“This is like coming to music camp. Normally for me there would be weeks and weeks of talking to someone and getting to know them. You come here, get introduced to the artist, and the information you have beforehand is amazingly minimalist: just a cassette of some recording they made before. That’s it.”

Phil Ramone prepares to produce Totó la Momposina's live session in The Wood Room at Real World Recording Week. Photo credit: Pete Williams.

“What I’m trying to do today is to come up with an orchestral setup that will give me both the intimacy and the communication that she has with the musicians. I’m not going to record it in the usual way with a lot of separation and try to be cute and clever. I’m going to capture whatever appears to me in that room.”

“I don’t want them to feel like they are restrained, playing to a mic. I’d rather have them play to an audience. What I’d like to capture is both the essence and immediacy of what happens in a group like this. The drums talk to each other. There is intricate stuff happening all the time. For whatever lack of knowledge I have, I hope to find out what they are saying, and I’m going to try and make those drums appear in such a way that they are hypnotic and they do what they are supposed to do on tape.”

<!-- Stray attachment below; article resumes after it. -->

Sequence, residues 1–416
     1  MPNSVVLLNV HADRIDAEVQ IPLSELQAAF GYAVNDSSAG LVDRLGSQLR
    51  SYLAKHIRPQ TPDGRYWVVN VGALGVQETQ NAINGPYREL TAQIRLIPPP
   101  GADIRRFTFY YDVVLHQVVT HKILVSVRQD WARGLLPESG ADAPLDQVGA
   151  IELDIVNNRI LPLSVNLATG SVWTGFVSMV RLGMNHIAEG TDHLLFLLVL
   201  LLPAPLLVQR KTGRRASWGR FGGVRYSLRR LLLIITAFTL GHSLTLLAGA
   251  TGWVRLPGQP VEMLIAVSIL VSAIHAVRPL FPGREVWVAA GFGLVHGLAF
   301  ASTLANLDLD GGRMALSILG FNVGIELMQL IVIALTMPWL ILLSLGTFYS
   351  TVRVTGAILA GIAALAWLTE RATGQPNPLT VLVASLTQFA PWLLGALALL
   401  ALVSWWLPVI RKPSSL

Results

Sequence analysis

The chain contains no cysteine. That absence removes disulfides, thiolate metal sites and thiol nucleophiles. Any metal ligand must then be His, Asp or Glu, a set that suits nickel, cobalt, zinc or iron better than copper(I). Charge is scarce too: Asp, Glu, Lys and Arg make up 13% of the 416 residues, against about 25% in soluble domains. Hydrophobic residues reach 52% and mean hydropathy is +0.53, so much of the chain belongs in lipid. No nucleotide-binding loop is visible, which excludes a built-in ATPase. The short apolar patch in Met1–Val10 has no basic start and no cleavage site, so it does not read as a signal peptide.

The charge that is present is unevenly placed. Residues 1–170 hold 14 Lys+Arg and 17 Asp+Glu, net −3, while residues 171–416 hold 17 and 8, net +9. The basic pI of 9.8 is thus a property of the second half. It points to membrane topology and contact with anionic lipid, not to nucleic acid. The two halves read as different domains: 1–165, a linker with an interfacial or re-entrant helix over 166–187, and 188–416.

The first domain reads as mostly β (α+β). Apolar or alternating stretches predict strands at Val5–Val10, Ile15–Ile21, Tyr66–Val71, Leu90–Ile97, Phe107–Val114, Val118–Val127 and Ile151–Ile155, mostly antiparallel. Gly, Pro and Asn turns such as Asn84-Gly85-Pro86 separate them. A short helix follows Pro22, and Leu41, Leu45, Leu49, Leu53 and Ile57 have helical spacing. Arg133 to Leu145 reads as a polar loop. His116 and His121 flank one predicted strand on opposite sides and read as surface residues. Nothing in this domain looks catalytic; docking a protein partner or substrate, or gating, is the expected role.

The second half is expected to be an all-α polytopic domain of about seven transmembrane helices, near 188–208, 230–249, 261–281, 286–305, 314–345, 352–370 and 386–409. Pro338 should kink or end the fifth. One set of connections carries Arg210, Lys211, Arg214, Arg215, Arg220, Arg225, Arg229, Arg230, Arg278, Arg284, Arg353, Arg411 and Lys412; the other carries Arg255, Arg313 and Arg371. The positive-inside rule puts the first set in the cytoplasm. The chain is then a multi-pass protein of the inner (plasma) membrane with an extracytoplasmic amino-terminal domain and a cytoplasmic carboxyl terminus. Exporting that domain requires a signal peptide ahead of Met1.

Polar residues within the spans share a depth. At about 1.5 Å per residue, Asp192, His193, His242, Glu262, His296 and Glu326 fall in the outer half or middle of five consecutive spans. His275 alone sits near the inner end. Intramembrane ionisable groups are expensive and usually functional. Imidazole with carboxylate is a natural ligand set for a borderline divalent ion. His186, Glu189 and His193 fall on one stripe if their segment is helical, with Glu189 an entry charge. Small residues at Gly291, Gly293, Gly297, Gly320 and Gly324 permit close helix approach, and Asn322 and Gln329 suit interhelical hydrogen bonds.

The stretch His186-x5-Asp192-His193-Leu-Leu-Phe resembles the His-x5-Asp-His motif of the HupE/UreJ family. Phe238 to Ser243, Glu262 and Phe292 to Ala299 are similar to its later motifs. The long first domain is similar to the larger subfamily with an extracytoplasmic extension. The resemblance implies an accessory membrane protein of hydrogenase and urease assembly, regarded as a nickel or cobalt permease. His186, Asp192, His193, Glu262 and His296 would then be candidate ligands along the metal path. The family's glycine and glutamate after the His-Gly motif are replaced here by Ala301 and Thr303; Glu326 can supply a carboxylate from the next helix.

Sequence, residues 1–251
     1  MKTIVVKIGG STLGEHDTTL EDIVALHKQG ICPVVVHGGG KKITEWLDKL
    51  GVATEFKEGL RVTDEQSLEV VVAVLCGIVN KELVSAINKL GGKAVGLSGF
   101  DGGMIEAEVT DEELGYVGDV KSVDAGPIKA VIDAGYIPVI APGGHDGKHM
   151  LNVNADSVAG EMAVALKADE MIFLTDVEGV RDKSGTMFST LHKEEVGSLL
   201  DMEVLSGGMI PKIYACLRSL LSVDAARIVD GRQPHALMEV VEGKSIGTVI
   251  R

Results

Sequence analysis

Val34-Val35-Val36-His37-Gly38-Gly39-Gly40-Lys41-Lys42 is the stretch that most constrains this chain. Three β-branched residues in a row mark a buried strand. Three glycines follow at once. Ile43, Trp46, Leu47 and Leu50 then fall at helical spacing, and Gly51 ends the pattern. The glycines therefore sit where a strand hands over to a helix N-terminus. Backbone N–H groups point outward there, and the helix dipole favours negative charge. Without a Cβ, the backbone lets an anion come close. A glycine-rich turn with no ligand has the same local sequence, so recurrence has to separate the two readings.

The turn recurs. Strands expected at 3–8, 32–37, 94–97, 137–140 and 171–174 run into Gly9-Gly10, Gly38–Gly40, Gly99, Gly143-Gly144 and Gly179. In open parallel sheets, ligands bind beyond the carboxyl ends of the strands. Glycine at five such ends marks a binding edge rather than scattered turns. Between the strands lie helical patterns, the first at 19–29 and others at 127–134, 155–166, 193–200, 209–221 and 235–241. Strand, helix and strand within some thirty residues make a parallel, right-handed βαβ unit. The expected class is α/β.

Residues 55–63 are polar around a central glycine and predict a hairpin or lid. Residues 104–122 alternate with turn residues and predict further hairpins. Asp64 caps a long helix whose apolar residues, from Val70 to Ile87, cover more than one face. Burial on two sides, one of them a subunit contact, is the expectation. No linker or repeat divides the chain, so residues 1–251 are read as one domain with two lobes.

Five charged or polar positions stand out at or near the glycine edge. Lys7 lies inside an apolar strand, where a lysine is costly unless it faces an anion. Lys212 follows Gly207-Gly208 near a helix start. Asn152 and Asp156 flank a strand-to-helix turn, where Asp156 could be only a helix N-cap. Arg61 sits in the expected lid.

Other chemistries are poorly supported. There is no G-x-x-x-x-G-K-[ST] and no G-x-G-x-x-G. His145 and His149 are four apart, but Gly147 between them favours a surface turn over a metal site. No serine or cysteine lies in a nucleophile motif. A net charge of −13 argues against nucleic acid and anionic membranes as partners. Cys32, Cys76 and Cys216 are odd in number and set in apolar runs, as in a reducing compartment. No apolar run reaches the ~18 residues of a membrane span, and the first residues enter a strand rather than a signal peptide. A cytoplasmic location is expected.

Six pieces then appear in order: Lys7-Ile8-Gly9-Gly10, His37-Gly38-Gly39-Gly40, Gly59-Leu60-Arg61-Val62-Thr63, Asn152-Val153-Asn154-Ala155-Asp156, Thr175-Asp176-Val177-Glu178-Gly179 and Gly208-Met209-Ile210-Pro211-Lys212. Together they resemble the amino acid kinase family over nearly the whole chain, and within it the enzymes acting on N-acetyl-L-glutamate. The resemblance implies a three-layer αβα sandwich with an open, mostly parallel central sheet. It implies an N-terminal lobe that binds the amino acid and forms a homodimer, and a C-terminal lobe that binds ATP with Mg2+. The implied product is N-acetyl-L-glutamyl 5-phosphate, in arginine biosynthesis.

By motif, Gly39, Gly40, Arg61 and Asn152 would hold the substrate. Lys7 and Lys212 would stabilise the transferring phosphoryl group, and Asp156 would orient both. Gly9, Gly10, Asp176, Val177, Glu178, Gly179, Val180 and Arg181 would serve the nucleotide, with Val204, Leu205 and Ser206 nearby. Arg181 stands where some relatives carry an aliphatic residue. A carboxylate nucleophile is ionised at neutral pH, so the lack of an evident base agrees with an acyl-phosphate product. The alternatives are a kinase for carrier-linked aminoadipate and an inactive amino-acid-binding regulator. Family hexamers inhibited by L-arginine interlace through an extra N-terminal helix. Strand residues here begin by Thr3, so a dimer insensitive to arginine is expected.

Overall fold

Phil Ramone

Totó la Momposina and Phil Ramone talk about the 1991 Wood Room session

An afternoon which changed Richard Blair’s life

Richard Blair, who mixed the finished album later in 1992, remembers the The Wood Room session as being a monumental experience for him:

“There was a fateful afternoon some twenty odd years ago that changed my life. I was working as an engineer at Real World Studios when they put on a festival of recording— Real World Recording Week. Musicians would wander from room to room and end up in the most inspiring cosmic jam sessions, grinning from ear to ear. I was working in one of these sessions, up in Peter’s Work Room, and was sent out to get a microphone. I went down the stairs past the main live room where I heard something that caught my attention. Inside were Totó and the tambores in full swing, making a record with an invited audience, so I crept in quietly at the back.”

"It was one of those quantic moments when everything explodes into fragments and reveals a whole new world." Richard Blair, mix engineer, La Candela Viva
Totó la Momposina in The Work Room at Real World Studios in 1992 with producer John Hollis and Richard Blair.

“I can remember now the shivers going up my spine. Just drums and vocals, a beat that sounded Caribbean, a bit like reggae, but somehow deeper, wilder and a whole lot looser. There were many things I didn’t know then, among them that the lead hand drummer was a guy called Paulino Salgado, better known as Batata, a legendary musician whose influence is still felt here in Colombia. They were obviously playing cumbia, which I didn’t know either, and he was repicando, or popping off solo licks and making that drum bark and shout. I was transfixed. It was one of those quantic moments when everything explodes into fragments and reveals a whole new world.”